Googo Chief alarmed over sale of Anthrax infected meat
Date published: April 27, 2012
By William N-lanjerborr Jalulah
The Chief of Googo in the Bawku West District of the Upper East Region, Naaba Akpaam Abugri, is alarmed that some farmers in the community whose animals died of anthrax sold such infected dead animals to a chop bar operator in the area.
Veterinary officers in the region, on Wednesday, started the vaccination of cattle and other domestic animals except birds against anthrax, following the outbreak of the disease in that community which has claimed two human lives.
Although veterinary officers say nine cows have died of the disease, Naaba Akpaam, who briefed this reporter at Googo on Wednesday on the havoc caused by the disease, said about 30 cows and several donkeys, goats, sheep, and dogs had also died.
According to him, one of the farmers, who lost eight cows, revealed that he had sold six of them to a chop bar operator. The dead animals were sold between GH¢70 and GH¢120. These were tokens of the normal price of a healthy and live cow.
Naaba Akpaam, who could not readily name the chop bar operator, and neither the specific location of the chop bar, said he had started making enquiries to know the owner and location of the bar, so that the remaining meat could be retrieved and destroyed to prevent the further spread of the disease.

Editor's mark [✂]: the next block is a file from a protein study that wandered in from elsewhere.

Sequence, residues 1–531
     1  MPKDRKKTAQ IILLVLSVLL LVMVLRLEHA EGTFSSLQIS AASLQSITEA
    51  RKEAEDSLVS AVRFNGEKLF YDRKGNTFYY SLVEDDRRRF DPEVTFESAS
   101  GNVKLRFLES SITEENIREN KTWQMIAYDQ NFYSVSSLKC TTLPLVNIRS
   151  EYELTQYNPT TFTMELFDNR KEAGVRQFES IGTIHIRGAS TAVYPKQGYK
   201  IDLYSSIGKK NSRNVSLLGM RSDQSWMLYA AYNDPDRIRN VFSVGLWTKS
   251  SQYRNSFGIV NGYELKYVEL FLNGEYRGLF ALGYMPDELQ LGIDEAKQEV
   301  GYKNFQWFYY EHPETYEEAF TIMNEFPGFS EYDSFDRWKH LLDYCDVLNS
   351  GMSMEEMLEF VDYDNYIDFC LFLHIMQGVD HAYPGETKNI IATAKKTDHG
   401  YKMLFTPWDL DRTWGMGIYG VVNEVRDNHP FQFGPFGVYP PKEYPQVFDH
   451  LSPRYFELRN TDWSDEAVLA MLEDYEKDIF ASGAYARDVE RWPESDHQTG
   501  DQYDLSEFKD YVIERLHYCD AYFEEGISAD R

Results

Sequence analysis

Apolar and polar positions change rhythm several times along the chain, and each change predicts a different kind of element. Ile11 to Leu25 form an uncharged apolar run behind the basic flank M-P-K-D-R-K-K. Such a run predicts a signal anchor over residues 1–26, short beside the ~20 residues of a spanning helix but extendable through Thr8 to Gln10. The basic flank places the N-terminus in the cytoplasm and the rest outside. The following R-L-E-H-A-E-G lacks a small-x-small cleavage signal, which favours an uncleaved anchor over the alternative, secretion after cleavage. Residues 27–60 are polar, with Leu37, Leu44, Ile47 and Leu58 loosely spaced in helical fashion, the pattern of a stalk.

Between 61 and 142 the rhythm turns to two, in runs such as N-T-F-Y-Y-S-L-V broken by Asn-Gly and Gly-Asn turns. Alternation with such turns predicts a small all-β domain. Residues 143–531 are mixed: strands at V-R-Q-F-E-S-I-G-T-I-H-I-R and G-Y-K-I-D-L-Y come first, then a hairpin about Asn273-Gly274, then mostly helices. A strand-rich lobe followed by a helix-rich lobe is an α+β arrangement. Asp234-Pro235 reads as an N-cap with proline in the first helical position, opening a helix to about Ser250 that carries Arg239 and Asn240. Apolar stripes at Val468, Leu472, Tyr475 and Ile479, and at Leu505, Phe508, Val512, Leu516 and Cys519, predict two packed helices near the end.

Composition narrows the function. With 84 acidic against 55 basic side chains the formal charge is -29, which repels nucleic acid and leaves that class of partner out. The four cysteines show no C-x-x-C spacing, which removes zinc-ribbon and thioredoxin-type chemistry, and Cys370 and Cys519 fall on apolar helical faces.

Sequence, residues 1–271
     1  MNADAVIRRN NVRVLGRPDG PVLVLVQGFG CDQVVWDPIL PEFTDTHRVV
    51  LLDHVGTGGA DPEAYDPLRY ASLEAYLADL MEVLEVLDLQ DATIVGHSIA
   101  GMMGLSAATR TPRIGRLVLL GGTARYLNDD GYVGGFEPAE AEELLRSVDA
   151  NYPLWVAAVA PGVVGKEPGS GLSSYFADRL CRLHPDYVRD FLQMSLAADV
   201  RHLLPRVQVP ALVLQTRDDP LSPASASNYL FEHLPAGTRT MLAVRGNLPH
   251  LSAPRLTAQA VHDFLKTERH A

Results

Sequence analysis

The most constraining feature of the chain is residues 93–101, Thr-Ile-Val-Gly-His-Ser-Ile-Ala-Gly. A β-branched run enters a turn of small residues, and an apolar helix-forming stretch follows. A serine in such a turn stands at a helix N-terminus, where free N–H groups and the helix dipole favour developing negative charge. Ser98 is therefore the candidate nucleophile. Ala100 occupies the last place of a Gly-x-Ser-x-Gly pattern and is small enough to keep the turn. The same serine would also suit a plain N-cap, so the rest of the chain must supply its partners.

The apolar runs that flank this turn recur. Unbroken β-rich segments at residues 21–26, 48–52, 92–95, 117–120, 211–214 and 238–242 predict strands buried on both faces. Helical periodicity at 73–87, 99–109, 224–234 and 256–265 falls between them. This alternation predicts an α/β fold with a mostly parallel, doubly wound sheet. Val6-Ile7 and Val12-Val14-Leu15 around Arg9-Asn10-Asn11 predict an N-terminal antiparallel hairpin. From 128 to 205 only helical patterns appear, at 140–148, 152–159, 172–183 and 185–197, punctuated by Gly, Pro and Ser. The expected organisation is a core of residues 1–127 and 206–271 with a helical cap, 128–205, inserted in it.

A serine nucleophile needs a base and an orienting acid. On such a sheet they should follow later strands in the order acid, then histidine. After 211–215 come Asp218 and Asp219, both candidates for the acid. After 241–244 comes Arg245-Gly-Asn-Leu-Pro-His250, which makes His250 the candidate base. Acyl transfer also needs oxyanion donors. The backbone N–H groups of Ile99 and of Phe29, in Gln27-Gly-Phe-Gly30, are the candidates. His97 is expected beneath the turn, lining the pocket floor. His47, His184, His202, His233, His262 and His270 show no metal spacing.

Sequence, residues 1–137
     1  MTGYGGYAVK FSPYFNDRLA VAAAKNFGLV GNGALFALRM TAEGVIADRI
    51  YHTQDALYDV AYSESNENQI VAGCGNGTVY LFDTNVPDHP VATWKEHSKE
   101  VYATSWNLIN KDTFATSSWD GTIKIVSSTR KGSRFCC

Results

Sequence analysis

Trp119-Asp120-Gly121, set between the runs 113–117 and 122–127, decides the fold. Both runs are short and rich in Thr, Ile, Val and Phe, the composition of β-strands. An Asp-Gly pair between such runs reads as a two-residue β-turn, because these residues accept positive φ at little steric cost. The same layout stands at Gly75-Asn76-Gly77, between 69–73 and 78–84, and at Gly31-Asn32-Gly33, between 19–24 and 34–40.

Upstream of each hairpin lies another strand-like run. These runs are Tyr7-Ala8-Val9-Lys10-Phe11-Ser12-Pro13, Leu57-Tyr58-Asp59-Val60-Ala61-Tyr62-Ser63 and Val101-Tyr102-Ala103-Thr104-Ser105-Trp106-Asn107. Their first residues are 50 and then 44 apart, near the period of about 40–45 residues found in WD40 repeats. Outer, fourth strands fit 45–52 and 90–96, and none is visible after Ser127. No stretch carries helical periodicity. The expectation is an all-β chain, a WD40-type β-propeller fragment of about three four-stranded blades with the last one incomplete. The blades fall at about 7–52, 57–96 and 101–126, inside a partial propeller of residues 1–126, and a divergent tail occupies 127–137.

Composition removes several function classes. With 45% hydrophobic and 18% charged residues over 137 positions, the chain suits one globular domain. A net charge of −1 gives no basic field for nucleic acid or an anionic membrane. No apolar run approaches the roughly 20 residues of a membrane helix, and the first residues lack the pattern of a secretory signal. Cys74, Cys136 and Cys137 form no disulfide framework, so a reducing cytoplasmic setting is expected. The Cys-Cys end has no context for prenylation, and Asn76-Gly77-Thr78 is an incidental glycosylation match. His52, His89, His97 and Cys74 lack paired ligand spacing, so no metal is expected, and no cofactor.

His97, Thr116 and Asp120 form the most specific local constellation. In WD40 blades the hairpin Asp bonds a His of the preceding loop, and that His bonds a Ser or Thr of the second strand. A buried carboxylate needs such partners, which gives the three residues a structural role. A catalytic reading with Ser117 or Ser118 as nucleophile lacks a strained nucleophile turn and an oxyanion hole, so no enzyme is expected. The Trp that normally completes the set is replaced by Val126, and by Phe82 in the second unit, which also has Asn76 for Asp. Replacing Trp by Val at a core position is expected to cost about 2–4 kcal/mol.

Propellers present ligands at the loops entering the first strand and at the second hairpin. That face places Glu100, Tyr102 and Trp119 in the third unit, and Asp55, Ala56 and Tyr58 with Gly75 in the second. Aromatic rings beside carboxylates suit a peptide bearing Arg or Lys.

He said some of the people who were infected with the disease had refused to be taken to the hospital, because they claimed if they went to the hospital and given injections, they would lose their lives.
The Upper East Regional Veterinary Officer, Dr. Thomas Anyorikeya, who is leading a team of veterinary personnel to carry out the vaccination exercise, disclosed that on Tuesday – day one of the exercise – 497 animals were vaccinated. They included 384 cattle, 86 sheep, 17 donkeys, 8 goats and 5 dogs.
On Thursday, the second day of the vaccination, 104 cattle were vaccinated by about 10:30 a.m. The number of the personnel on Thursday increased from five to ten, and they intended to vaccinate all the animals in the Googo community and adjoining ones such as Bazua and Sapelga.
Dr. Anyorikeya was worried that for about ten years now, no animals’ census had been conducted.
The annual animal census, which was being conducted by the Veterinary Service, provided a database of animals in the regions, districts, and communities, and helped in the operations of the service, including vaccinations.
Some of the personnel lamented that they did not have protective wear, such as gloves, wellington boots and overalls.
This, they said, exposed them to risk in their line of operation.
The vaccination is expected avert the further spread of the disease. Meanwhile, a ban on the movement of cattle has been imposed on the area.
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